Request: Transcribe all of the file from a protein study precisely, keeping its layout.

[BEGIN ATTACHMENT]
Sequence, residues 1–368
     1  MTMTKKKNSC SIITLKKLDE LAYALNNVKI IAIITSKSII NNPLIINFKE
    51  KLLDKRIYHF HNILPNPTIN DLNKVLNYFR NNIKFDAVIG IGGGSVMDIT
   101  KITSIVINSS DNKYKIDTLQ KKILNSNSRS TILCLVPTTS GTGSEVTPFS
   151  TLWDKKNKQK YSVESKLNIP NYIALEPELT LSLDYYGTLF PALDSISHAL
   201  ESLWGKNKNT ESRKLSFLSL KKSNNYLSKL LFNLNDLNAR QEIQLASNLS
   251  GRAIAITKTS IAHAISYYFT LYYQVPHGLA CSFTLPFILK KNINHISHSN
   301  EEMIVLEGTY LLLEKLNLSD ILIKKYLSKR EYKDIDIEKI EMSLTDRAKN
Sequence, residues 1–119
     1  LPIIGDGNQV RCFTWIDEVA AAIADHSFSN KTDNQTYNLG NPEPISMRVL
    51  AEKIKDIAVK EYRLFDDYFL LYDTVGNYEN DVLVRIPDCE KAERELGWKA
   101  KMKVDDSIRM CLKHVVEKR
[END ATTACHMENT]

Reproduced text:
Sequence, residues 1–368
     1  MTMTKKKNSC SIITLKKLDE LAYALNNVKI IAIITSKSII NNPLIINFKE
    51  KLLDKRIYHF HNILPNPTIN DLNKVLNYFR NNIKFDAVIG IGGGSVMDIT
   101  KITSIVINSS DNKYKIDTLQ KKILNSNSRS TILCLVPTTS GTGSEVTPFS
   151  TLWDKKNKQK YSVESKLNIP NYIALEPELT LSLDYYGTLF PALDSISHAL
   201  ESLWGKNKNT ESRKLSFLSL KKSNNYLSKL LFNLNDLNAR QEIQLASNLS
   251  GRAIAITKTS IAHAISYYFT LYYQVPHGLA CSFTLPFILK KNINHISHSN
   301  EEMIVLEGTY LLLEKLNLSD ILIKKYLSKR EYKDIDIEKI EMSLTDRAKN
Sequence, residues 1–119
     1  LPIIGDGNQV RCFTWIDEVA AAIADHSFSN KTDNQTYNLG NPEPISMRVL
    51  AEKIKDIAVK EYRLFDDYFL LYDTVGNYEN DVLVRIPDCE KAERELGWKA
   101  KMKVDDSIRM CLKHVVEKR